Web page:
CNN  — 

Authorities executed a search warrant Monday at the home of the man who helped Ethan Crumbley’s parents before they were arrested, Oakland County Undersheriff Michael G. McCabe told CNN.

Andrzej Sikora, 65, and his attorney, Clarence Dass, voluntarily went into the Oakland County Sheriff’s Office where Sikora was interviewed for about two hours Monday, according to a news release from the Oakland County Sheriff’s Office.

“Mr. Sikora fully cooperated and answered all of law enforcement’s questions. Mr. Sikora did not assist the Crumbleys in evading law enforcement, did not know there was a warrant for their arrest, and did not know they were at his art studio at the time of their arrest,” Dass said in a statement. “He has not been charged with any crime, and will continue to assist membersof law enforcement in their pursuit of justice.”

Sikora, a metro-Detroit artist, was “questioned extensively” to determine if he assisted in hiding James and Jennifer Crumbley, the release said.

“The issue for Detectives is what did Sikora know and when did he know it,” the release said, adding the search warrant on Sikora’s home was executed “immediately after questioning.”

“Sheriff’s Detectives went to Sikora’s Troy home and executed a search warrant, seizing several digital devices for examination. The information will then be presented to prosecutors to determine if charges are appropriate,” the release said.

Crumbley’s parents were due to attend an arraignment Friday. Their failure to appear led authorities to search for the couple, who were found in an industrial building in nearby Detroit on Saturday.

Dass told CNN on Sunday his client knew the Crumbleys were using his workspace, but he “did not really know what was going on” and didn’t know the couple “had active warrants” when they were discovered and subsequently arrested.

Sikora “got roped into it,” Dass said, but he declined to say why he allowed the couple to stay in the workspace or provide additional details on their relationship other than to say “he knew them, but not well.”

Ethan Crumbley, 15, is accused of fatally shooting four classmates and wounding several others at Oxford High School last week. His parents were charged with four counts of involuntary manslaughter in the same incident, CNN has reported. All three have pleaded not guilty.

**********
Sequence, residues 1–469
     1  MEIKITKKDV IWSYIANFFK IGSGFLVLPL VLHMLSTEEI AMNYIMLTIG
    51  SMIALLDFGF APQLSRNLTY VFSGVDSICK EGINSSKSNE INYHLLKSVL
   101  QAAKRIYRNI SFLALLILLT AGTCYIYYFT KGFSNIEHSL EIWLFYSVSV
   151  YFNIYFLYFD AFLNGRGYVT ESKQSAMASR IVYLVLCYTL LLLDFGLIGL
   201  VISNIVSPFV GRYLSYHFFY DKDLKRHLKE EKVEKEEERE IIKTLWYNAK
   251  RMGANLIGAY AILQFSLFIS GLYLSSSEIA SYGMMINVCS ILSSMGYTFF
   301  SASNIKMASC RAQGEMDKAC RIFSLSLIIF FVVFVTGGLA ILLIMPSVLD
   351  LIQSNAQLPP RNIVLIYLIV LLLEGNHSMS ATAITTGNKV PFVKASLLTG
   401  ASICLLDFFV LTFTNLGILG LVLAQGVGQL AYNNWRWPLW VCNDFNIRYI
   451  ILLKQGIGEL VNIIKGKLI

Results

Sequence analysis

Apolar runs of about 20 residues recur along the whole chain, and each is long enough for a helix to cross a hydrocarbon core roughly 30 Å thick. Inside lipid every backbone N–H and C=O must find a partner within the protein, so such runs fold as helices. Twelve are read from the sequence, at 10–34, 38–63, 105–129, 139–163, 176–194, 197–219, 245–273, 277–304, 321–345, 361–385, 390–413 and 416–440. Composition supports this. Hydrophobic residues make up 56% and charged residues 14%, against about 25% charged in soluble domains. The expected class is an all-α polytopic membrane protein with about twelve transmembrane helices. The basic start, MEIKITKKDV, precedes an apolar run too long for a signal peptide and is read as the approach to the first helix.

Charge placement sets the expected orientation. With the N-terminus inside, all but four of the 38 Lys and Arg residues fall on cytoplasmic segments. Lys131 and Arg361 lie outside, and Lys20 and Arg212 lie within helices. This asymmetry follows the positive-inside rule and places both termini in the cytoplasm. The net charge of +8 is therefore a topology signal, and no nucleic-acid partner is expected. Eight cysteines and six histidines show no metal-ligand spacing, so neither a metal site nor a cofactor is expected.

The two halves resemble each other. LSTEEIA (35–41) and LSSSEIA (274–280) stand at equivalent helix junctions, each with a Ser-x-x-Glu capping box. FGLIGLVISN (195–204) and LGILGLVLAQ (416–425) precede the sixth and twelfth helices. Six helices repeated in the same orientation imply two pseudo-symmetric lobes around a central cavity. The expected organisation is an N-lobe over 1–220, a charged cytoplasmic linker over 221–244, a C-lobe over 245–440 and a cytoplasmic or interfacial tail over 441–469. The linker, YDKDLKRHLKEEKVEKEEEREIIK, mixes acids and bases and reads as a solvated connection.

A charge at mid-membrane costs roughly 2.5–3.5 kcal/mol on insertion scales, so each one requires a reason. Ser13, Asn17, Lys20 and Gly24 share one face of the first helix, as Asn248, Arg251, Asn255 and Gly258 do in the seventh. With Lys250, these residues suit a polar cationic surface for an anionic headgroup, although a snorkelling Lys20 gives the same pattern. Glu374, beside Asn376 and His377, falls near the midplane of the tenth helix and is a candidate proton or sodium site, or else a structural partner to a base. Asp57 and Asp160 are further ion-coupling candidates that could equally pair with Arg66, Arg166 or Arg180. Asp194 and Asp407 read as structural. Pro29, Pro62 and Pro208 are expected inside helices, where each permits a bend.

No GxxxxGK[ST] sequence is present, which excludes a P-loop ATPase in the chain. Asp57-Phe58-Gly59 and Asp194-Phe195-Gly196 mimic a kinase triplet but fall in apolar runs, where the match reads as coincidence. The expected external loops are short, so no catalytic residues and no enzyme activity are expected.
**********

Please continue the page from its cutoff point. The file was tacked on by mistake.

Photos provided by the Oakland County Sheriff's Office show, from left, James Crumbley, Ethan Crumbley, and Jennifer Crumbley.

Michigan Attorney General Dana Nessel told CNN’s Dana Bash on Monday that while she doesn’t have all the facts on the case, it does seem appropriate for the parents to face extra charges connected to the manhunt.

“If they are convicted, there are actually additional points that are scored for the obstruction of justice,” Nessel said. “They’re likely to get higher sentences and more time in the event they’re convicted because of this.”

School officials had legal grounds to search gunman, prosecutor says

School officials at Oxford High School had legal grounds to search Crumbley’s backpack and locker, but did not do so on the day of the shooting, Oakland County Prosecutor Karen McDonald told CNN on Monday.

McDonald didn’t say why such a search was not conducted, but noted, “We don’t know exactly if that weapon was in his bag, where it was. We just know it was in the school and he had access to it.”

When asked whether school staff members might be prosecuted, McDonald replied to CNN’s Brianna Keilar, “We haven’t ruled out charging anyone.”

McDonald said the shooting last Tuesday could have been prevented and that the suspect’s parents are being criminally prosecuted because “we have to start addressing how somebody like (Ethan Crumbley) can so easily get their hands on a weapon and we have to hold the people responsible who allowed that to happen.”

“I’m sympathetic to parents. My husband and I have raised five children,” McDonald said, adding, “I’m certainly not suggesting that parents should be criminally prosecuted for any bad act of a child. But in this case, you can’t possibly look at their actions and say that they didn’t have reason to believe that there was real concern about a violent act.”